Blackberry and Apple Crumble

Cover recipe- Irish Country Cooking, Blackberry & Apple Crumble: Copyright 2014

Cover recipe- Irish Country Cooking, Blackberry & Apple Crumble: Copyright 2014

With St. Patrick’s Day less than a week away, if you’re planning on celebrating the occasion with a meal, then you’re probably thinking about making one of two things for dessert: 1) something green, or 2) something with Bailey’s Irish Cream or Guinness. Both of those ideas are great for St. Paddy’s Day, but there’s another option: a rustic Irish dessert like Blackberry & Apple Crumble.

Even though I’m not Irish, the food of Ireland always speaks to me, and I think I hoard Irish cookbooks more than most other types of cuisine. I always feel like Irish dishes – such as corned beef and cabbage, Guinness beef stew, soda bread, and potato chowder – are comfort foods at their finest. But for me, Irish desserts don’t usually come to mind as quickly, which is why when I saw the recipe for this crumble on the cover of Irish Country Cooking I knew I wanted to give it a try. Read my notes below to see what I thought of this recipe.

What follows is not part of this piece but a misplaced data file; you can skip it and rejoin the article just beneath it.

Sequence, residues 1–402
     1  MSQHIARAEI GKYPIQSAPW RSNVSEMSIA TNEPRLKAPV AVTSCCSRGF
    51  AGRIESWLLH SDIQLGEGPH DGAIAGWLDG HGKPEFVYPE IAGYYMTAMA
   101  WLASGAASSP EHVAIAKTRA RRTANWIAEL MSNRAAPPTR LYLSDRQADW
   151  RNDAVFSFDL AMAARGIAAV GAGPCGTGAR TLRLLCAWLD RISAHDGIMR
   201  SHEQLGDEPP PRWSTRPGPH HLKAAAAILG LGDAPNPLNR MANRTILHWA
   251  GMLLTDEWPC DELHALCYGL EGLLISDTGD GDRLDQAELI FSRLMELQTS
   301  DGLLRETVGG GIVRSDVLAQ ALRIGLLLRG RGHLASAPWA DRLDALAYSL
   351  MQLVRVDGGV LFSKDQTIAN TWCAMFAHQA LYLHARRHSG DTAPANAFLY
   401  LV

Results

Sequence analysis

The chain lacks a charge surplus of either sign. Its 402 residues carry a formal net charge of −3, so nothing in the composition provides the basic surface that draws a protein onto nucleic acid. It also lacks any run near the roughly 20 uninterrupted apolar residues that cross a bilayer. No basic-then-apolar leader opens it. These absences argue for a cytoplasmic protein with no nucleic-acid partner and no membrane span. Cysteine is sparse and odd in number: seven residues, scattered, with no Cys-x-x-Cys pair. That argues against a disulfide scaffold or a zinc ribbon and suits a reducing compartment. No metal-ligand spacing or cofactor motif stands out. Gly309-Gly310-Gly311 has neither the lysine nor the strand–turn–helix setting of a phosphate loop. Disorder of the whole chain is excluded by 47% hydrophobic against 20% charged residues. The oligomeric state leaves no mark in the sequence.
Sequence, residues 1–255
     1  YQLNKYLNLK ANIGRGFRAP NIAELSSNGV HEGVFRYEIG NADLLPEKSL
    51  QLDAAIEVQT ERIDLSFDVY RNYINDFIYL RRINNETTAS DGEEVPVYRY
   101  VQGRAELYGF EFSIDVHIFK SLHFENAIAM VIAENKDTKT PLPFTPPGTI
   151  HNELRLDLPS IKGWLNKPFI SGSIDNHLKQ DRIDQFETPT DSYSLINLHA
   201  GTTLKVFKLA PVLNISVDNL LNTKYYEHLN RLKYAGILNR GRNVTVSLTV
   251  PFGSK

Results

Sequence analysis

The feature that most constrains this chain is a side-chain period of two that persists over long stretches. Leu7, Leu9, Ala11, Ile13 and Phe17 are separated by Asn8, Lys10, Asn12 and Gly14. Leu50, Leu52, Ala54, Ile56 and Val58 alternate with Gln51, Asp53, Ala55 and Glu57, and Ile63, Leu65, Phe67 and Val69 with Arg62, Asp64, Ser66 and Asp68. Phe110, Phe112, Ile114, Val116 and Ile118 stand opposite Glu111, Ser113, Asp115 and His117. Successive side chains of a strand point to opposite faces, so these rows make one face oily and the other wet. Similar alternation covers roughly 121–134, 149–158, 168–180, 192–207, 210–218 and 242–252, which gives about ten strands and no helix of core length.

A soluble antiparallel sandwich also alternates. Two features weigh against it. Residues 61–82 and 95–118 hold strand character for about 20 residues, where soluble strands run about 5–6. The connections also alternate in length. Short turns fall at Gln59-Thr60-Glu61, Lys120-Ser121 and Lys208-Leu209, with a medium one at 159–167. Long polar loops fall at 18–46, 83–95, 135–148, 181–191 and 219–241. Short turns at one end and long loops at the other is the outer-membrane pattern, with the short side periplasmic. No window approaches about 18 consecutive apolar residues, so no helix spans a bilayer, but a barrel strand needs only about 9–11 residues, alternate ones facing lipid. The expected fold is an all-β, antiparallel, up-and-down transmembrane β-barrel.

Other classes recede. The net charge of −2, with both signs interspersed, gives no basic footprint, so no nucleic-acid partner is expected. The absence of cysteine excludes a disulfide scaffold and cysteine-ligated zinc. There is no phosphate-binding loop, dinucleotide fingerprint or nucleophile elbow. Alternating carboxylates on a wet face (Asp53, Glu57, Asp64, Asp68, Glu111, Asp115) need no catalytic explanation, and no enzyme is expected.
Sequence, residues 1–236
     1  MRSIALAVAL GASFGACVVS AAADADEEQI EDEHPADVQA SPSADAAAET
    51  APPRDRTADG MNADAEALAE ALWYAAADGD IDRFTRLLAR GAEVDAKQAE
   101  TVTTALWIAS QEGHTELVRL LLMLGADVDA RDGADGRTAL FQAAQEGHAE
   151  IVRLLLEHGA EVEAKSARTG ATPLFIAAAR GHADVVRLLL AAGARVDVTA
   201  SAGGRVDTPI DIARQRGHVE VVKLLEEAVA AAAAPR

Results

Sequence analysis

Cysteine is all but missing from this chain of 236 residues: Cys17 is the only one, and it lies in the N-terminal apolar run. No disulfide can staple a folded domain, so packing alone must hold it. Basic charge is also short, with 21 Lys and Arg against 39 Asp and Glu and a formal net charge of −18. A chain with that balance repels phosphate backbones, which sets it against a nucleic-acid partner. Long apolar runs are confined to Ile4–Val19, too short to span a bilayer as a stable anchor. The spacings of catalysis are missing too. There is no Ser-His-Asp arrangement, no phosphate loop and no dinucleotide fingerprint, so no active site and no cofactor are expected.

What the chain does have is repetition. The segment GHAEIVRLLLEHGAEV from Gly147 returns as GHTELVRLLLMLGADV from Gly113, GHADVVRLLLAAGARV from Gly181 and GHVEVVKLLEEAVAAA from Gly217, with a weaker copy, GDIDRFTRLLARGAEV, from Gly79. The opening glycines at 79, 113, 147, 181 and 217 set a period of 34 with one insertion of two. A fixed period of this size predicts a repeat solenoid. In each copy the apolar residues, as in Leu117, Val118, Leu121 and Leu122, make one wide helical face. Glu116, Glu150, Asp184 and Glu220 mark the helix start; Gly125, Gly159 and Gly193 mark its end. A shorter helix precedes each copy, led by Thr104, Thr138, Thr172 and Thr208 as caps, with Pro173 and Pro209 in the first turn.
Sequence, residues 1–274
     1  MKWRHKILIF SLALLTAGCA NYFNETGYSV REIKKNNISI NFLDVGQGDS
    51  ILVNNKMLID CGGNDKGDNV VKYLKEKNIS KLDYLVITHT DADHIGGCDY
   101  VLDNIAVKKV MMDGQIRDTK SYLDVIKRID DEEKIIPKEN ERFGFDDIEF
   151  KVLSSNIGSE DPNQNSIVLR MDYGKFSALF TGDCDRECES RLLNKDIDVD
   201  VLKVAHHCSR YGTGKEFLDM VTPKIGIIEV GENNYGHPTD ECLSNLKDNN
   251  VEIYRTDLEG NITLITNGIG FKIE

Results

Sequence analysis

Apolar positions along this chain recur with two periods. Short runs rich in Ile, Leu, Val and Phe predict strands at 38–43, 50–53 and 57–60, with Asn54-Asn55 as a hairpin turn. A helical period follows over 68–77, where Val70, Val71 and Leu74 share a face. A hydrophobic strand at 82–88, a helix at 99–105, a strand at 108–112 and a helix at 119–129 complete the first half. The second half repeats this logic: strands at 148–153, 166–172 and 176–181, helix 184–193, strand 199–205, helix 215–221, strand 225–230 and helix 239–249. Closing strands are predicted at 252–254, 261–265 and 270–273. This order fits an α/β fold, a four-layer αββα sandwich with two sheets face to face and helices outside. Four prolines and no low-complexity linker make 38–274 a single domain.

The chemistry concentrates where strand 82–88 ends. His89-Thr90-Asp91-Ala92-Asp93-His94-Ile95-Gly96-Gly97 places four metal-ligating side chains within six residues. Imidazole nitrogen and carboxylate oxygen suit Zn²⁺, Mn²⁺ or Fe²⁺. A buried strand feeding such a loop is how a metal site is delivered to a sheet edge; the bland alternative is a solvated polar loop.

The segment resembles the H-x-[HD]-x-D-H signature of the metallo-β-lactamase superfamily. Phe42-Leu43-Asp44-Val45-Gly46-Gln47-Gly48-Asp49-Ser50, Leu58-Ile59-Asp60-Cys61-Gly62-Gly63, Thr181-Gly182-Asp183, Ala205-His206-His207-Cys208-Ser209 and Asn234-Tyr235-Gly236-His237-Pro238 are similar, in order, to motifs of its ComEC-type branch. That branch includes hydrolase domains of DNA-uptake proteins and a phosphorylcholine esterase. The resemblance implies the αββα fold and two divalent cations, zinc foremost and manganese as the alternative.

Blackberry & Apple Crumble

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Blackberry & Apple Crumble

Yield: 6 to 8 servings

Prep Time: 25 min

Cook Time: 30 min


For the Crumble:
65 g (2 1/2 oz) butter
175 g (6 oz) fresh white breadcrumbs
50 g (2 oz) soft brown sugar
60 ml (2 fl oz) golden syrup
2 lemons, finely grated zest and juice
50 g (2 oz) ground almonds
50 g (2 oz) chopped almonds
450 g (1 lb) blackberries
450 g (1 lb) cooking apples, peeled, cored, and finely sliced

For the Custard:
2 tablespoons custard powder
1-2 tablespoons sugar
575 ml (1 pint) milk

You Will Need:
450 ml (3/4 pint) ovenproof dish


1. Preheat oven to 180C/350F/Gas 4. Grease an ovenproof dish with a knob of butter.

2. Melt the remaining butter in a frying pan and sauté the breadcrumbs for about 5 minutes, or until crisp and golden. Set aside to cool.

3. Combine the sugar, syrup, lemon zest, and lemon juice in a small saucepan and gently warm through. Add the breadcrumbs together with the ground and chopped almonds and mix well.